My brother and I eagerly climbed up into the back of our 1977 burgundy Oldsmobile Station Wagon. Because vacations of my childhood always began in the pre-twilight hours when most of the world was tucked into their beds, my parents folded down the back seat, giving us a queen size snooze through New Jersey, Maryland, and Virginia. We never closed our eyes; surprises awaited us, every mile a new adventure to discover.
My mother packed everything we owned. At seven years old, I heard the kitchen sink cursed more than once; however, packing forty-two bags, a grill, an adult size cooler, two children and the kitchen sink was acceptable. Wagons could hold anything a family packed, even my four-foot Raggedy Ann.
My brother and I pumped our little arms, begging every tractor-trailer to blow his horn; we whiled away hours sticking out our tongues and contorting our faces at the people traveling behind us. We flipped shutters closed in race to win travel Bingo, and we asked the four words that make every parent want to eat their young – “Are we there yet?”
Today I don’t have a station wagon for my children to lounge in. My youngest gets buckled into a harness that would make Houdini sweat, while my oldest buckles up for safety, his booster seat propping him high in the air. My children don’t play travel Bingo; instead Disney entertains them for hours at a time. After all, portable DVD players are an investment in a mobile child’s future.
Even though we bring only the necessities and leave the kitchen sink at home where it belongs, the adventure is the same, and surprises never disappoint.
Finding clean bathrooms for a little potty training girl is like finding a good sale on designer shoes. They are far and few between. When my daughter was two, we traveled from Maine to Florida and back. Every time she had to go potty, my husband would pull over; I’d run out and inspect bathrooms, retaining the power to veto a rest-stop.
This day, we were on our third bathroom inspection. I knew I must accept the fact that clean is subjective. So I pulled out baby wipes, paper towels, and anti-bacterial soap, cleaning the toilet for my daughter. I was proud she did so well potty-training on the road.
Now, it’s never easy for moms to relieve themselves. By the time you squeeze into a two foot-by-two foot cubicle with a small child, a traveling nursery conveniently named diaper bag, and a purse, there’s no room to unbuckle your belt, much less squat over a toilet.
Thankful the bathroom was empty of people, I stood my baby girl in my line of vision, right next to the sink across from my stall. I held her little hands by her side and warned her not to ‘touch’ anything or else she would surely end up sick. Since I’m a bit of a hypochondriac, translate ‘sick’, in the ICU with doctor’s scrambling to call the Center for Disease Control.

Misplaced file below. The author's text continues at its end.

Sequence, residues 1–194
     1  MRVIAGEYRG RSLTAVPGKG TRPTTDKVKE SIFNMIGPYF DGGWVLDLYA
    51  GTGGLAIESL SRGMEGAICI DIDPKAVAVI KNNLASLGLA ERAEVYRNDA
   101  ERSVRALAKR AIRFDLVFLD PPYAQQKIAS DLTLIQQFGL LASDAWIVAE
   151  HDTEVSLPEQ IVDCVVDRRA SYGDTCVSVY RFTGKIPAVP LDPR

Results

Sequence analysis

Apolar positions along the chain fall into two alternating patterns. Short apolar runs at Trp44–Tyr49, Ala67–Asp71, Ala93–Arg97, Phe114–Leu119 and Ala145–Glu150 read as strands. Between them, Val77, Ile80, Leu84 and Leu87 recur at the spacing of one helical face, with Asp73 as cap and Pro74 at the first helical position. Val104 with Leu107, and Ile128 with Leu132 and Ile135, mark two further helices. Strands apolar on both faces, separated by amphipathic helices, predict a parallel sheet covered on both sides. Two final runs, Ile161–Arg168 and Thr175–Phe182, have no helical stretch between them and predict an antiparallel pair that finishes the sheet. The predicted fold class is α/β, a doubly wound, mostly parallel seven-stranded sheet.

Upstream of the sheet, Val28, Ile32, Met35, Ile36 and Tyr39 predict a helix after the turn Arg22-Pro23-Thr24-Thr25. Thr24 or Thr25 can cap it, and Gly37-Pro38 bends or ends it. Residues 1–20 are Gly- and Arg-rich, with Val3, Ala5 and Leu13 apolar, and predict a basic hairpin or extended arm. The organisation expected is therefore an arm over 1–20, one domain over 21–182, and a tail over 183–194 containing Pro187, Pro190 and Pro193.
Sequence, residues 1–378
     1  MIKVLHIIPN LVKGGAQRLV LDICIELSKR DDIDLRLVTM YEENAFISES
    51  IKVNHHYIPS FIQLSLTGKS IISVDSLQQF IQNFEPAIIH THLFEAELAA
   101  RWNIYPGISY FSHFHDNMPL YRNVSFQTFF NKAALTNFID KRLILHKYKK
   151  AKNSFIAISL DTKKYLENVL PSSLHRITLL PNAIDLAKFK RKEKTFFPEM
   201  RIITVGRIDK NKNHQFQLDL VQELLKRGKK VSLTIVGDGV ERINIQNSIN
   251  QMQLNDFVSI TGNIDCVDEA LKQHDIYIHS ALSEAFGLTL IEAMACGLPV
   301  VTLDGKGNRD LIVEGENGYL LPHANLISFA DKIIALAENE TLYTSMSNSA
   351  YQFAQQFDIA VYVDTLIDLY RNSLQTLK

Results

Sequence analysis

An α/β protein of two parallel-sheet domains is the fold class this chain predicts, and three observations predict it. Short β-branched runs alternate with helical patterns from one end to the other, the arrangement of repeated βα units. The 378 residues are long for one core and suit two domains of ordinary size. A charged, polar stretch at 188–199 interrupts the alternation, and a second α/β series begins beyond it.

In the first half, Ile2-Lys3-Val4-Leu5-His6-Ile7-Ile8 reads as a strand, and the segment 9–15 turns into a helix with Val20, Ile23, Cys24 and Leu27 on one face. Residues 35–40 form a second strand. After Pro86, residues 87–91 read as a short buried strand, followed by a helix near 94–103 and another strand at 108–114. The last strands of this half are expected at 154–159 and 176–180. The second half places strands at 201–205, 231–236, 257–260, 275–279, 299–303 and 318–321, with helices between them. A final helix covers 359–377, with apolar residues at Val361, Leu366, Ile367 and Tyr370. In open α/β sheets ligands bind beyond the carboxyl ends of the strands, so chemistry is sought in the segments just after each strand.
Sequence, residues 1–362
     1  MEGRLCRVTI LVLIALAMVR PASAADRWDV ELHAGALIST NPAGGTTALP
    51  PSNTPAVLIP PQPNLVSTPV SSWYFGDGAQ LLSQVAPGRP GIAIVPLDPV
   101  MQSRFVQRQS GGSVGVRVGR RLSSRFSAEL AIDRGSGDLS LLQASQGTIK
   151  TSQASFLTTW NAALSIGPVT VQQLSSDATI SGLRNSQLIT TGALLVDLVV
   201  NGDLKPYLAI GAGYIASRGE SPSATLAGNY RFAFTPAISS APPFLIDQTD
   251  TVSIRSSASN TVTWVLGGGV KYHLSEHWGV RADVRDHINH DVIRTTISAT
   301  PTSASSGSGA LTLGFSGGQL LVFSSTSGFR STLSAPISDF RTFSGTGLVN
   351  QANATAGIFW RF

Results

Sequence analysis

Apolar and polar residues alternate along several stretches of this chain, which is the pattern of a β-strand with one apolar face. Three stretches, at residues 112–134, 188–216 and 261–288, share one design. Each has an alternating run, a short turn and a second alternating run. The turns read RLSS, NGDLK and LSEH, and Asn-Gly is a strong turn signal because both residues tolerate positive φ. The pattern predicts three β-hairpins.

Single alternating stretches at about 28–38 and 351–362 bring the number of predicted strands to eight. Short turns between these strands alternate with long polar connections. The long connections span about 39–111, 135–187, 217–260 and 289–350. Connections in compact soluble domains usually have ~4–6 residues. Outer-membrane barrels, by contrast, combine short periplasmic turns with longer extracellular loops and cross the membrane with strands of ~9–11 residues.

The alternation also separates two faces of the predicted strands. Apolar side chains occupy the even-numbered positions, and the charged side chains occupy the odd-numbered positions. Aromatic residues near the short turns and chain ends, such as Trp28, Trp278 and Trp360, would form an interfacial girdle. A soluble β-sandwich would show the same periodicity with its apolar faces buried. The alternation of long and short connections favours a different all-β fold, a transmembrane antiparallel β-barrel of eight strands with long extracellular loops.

Never taking my eyes off my daughter, I set about doing my business. After four cups of coffee and a Diet Coke, it was a relief. Mid-stream I watched my daughter turn her little head to the nasty sink, open her mouth, stick out her tongue and lap the side of the public rest-stop bathroom sink from bottom to top.
If a woman could die a thousand deaths while squatting over a toilet, I died every one of them.
My daughter is nine now. She didn’t contract any non-curable diseases from her sink lick, but my breath still catches and my heart gives a little flutter every time my husband suggests a road trip. Like my mom, I wish I could pack the kitchen sink. At least I’d know it was clean when my daughter decided to lick it.
Thank you dear readers for reading my stories for all these years.
I just cam across this one and realized, although you may have read it elsewhere, it never appeared on The Domestic Fringe. I wanted to post it here for safekeeping, so thank you for reading it once again.
My baby girl is thirteen now. I’m happy to report she’s outgrown sink licking, and has managed to stay disease free, despite her gross mishaps. Unfortunately, she does still ask the dreaded question, “Are we there yet?”
Here’s an excerpt from her birth story…
My chances of spontaneous labor while propped on a pillow were about as good as my chances of winning bingo without having blue-tinted hair and panties that could double as a parachute.
If I had listened to the doctors, I may still be pregnant.
My daughter would be born weighing seventy-six pounds, and my swollen face would be plastered on every trash-rag magazine from New York to Nigeria. (read more)